AIDS TOUCHES THE HILL: Epidemic affects community FOCUS, page 5
SPRING SPORTS BUDDING: Fair-weather athletics previewed INSERT
Black FacultyStaff Caucus to sponsor
"The Challenge of Black Scholarship at
UNC-CH" at noon in 212 Peabody.
JR 100th Year of Editorial Freedom
Serving the students and the University community since 1893
1992 DTH Publishing Corp. All rights reserved.
Volume 99, Issue 163
Wednesday, February 26, 1992
Chapel Hill, North Carolina
Business Advertising 962-1 1GJ
TODAY: Showers; high 60-65
THURSDAY: Cloudy; high mid-50s
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Newly elected Student
By Soyia Ellison
John Moody "broke the mold" Tues
day night and won the race for student
He defeated run-off candidate
Rashmi Airan by 43 votes, according to
unofficial Elections Board returns.
Moody received 1,431 votes to Airan's
Moody, a junior chemistry major
Hospital growth encroaches on Odum Village
Administrator calls property too valuable for student family housing complex
By Megan Brown
Odum Village's land will become
too valuable a commodity as the
University's medical complex expands
tokeep the student family housing in its
current location, a University adminis
John Sanders, chairman of the Build
ings and Grounds Committee, said few
people had anticipated the growth of the
health affairs complex when Odum Vil
lage had been built in the 1960s.
"It is a relatively uneconomic use of
land to put two-story residential apart
ments on such a large piece of land
when it could be used for academic
research buildings," Sanders said. "Ten
to IS years from now, I don't see it as
being a large residential area."
An ambulatory care center, muscu
loskeletal disease and alcohol studies
research center, and an Environmental
Protection Agency building are being
built now in the health affairs complex.
Odum Village residents haveopposed
UNC's proposed realignment of Man
ning Drive to build a new road because
realignment would cause the destruc
Kerrey captures important
Precincts reporting: 64
Body President John Moody celebrates with
lands BP jo
from Greensboro, said he was excited
that the work and time put into the
campaign had paid off.
His first plan after celebrating is to
gain familiarity with his new office
before his April inauguration, he said.
"I ran on a platform that didn't in
. elude a lot of experience, and that worked
for me," Moody said. "One of my goals
is to work closely with Matt Heyd and
learn how the system works."
The SBP-elect's experience includes
tion of a portion of student family hous
ing. The South Loop Road proposal is
intended to reroute traffic away from
UNC Hospitals and to provide better
access to existing and planned health
The University included the proposal
in its 1991 land-use plan, although the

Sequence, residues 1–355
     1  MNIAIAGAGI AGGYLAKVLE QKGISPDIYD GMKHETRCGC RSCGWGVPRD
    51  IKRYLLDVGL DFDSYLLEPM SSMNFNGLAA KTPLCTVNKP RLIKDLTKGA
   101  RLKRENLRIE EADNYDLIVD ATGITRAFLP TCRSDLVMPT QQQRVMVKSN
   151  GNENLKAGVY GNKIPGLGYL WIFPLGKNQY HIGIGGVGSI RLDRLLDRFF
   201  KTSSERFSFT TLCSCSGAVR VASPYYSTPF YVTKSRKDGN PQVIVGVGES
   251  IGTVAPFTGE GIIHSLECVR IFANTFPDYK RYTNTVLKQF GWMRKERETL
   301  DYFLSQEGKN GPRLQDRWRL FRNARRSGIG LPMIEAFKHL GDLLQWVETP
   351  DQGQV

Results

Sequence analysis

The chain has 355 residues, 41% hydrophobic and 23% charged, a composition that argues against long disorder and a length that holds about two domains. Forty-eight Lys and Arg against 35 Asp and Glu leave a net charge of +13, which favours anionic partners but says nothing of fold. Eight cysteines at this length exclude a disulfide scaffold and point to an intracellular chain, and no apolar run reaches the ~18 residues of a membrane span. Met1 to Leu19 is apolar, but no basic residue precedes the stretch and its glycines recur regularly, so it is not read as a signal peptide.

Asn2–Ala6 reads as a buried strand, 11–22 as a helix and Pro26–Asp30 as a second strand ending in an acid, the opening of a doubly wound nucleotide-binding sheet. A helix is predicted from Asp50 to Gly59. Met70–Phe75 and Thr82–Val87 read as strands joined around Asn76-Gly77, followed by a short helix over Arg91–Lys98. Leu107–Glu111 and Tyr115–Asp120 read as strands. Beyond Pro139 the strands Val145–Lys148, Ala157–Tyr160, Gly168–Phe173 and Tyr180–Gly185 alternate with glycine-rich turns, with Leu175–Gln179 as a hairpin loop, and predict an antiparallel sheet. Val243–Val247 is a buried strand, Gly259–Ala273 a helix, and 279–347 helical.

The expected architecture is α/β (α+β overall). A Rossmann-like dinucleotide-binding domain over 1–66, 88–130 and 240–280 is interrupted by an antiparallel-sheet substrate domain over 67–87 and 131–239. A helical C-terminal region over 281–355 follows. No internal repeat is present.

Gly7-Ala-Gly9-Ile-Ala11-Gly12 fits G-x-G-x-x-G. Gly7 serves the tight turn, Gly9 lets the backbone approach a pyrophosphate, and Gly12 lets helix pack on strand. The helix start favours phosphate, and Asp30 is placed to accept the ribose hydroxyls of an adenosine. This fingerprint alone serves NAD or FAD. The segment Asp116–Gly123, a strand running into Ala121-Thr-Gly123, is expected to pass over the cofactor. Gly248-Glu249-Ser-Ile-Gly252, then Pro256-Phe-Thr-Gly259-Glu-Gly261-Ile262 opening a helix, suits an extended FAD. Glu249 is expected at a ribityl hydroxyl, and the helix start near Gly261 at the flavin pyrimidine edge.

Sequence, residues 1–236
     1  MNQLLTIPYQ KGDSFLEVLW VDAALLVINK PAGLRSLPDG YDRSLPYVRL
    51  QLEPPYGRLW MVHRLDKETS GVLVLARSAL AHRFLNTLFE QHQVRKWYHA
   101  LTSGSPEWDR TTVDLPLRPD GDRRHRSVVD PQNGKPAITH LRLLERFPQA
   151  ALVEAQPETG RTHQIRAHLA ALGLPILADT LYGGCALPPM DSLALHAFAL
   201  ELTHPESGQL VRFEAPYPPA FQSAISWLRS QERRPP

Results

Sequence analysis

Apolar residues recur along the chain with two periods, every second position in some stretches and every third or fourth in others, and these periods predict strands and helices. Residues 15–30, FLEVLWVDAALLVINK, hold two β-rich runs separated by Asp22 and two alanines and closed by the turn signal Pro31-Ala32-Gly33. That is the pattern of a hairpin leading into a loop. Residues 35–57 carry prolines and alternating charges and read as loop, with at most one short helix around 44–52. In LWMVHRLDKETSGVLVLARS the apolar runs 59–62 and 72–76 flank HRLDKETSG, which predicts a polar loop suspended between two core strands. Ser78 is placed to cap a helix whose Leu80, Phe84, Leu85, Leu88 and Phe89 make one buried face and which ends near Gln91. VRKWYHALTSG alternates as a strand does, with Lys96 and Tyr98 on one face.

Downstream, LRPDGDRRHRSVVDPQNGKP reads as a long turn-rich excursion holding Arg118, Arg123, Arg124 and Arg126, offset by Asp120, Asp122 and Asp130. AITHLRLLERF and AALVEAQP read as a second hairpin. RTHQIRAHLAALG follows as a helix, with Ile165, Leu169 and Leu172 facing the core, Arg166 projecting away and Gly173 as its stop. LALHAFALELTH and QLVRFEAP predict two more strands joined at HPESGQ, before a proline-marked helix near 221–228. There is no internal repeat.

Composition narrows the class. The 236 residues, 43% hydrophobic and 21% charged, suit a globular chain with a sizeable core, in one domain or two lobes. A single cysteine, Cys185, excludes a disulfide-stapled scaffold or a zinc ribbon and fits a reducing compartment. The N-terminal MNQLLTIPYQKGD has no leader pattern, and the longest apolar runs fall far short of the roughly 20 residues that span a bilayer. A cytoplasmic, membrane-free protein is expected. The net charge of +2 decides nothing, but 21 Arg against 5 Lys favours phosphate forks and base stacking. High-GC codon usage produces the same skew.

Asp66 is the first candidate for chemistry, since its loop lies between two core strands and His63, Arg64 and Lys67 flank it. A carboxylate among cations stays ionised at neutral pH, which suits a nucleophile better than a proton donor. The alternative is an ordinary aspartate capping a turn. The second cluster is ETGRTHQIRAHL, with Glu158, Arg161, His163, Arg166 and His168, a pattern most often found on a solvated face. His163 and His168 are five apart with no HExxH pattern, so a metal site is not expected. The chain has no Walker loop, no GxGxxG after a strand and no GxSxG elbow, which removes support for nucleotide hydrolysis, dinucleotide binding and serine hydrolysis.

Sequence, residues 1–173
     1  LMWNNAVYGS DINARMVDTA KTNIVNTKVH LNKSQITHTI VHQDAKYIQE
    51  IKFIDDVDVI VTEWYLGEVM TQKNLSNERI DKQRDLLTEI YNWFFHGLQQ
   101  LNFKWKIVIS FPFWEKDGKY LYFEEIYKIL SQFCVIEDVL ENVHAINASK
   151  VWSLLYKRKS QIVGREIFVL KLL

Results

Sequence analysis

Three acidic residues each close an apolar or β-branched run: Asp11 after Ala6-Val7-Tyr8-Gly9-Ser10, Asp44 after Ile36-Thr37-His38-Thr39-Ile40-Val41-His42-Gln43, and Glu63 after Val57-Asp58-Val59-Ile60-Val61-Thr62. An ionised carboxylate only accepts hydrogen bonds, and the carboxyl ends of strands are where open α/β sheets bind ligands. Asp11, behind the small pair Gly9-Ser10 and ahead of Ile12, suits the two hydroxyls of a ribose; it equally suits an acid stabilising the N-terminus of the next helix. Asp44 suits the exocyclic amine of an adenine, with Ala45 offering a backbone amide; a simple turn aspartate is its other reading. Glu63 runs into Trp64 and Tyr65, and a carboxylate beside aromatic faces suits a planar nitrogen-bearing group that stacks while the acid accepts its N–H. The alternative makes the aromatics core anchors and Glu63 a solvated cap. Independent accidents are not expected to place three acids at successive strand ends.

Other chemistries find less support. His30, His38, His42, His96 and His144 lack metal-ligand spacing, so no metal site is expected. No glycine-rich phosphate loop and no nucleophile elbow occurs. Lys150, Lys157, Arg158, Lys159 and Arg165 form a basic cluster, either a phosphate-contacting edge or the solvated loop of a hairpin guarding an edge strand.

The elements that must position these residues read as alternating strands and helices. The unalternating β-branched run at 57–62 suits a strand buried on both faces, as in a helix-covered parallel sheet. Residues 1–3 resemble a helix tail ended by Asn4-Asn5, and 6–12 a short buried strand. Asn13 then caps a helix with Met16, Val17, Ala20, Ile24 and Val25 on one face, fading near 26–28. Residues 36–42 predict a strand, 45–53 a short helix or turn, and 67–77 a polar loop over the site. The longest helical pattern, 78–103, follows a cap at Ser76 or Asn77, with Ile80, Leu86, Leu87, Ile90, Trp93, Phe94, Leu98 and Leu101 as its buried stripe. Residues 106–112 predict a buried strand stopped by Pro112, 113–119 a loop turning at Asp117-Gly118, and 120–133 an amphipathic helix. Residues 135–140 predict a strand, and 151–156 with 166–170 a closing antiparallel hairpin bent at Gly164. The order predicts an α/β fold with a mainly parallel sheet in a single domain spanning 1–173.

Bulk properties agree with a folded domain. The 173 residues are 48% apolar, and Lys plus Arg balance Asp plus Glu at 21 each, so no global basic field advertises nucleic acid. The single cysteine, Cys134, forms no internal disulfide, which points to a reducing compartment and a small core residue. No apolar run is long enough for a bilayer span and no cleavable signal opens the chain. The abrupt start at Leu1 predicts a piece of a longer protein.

state has not appropriated funds for the
Steve Wallace, an Odum Vil lage resi
dent who has led opposition to the South
Loop proposal, said UNC's lack of space
was a result of poor planning. "The
hospital and health affairs officials have
been after this land since Odum Village
Sanders said the South Loop pro
posal had provided an opportunity to
discuss a necessary alternative for stu
dent family housing.
"The land will become too valuable
for small-scale residential purposes,"
"Its use will be recast even if not a
foot of road is ever built.
"In time, health affairs buildings will
supersede these apartment buildings."
Ben Tuchi, vice chancellor for busi
vote votes S.D. Del.
70 l,WO .
I'll abstain for fear of the future of this
service on the student attorney general 's
staff and at the Campus Y.
Airan, who had held a slight lead in
the Feb. 1 1 election, wished Moody the
best of luck. She said she was glad she
participated in theelection and was glad
it was behind her. "I don't regret doing
it the rewards from this campaign
have been immeasurable," Airan said.
"I've made some great friends. No mat
See SBP, page 4
ness and finance, said South Loop's
construction would require the removal
of seven to 1 1 of the 40 existing struc
tures in Odum Village but would affect
the entire area.
"To hide behind the notion that the
road will only directly impact seven to
1 1 of the buildings is not being truth
ful," Tuchi said.
Housing Director Wayne Kuncl said
finding an alternative to the entire Odum
Village would be preferable to finding
an alternative for only a portion of the
"As we plan for the future, we'd plan
for replacement," Kuncl said. "There
are probably going to be other uses
down the road for those sites. I know
from a long-use plan standpoint it is an
area they look to for expansion."
UNC has committed to finding alter
native housing before any construction
on the South Loop Road would take
But Kuncl said he had no ideas for
possible future housing sites other than
the Horace Williams Airport tract.
Ted Teague, a junior who serves on
the Buildings and Grounds Committee,
said he saw the 11,000-acre Horace
primary victory; voters send Bush protest message
The Associated Press
SIOUX FALLS, S.D. U.S. Sen.
Bob Kerrey of Nebraska boosted his
campaign in South Dakota's presiden
tial primary Tuesday, seeking to better
his standings in the Democratic race
with big-delegate contests looming just
President Bush, running uncontested,
was buffeted by a protest vote in the
state's GOPprimary, with 3 1 percent of
the voters remaining uncommitted.
With 64 percent of the precincts re
porting, Kerrey had earned 38 percent
of the Democratic vote, compared with
28 percent for U.S. Sen. Tom Harkin of
Iowa and 19percent for Arkansas Gov.
Paul Tsongas, who won a solid vic
tory against Clinton in the New Hamp
shire primary last week, received 9 per
cent of the vote, and former California
Gov. Jerry Brown received 4 percent.
A Bush victory was a foregone con
clusion with GOP maverick Pat
Buchanan absent from the South Da
kota ballot, but with 64 percent of pre-
Wallsten squeaks by Eisley
in DTH editor run-off race
'Campaign with a
Peter Wallsten embraces a supporter
Williams Airport land tract as a poten
tial site for student family housing.
Wallace agreed that the best option
for new University growth was a satel
lite campus at the Horace Williams tract.
According to Kuncl, a satellite cam
pus is "inevitable."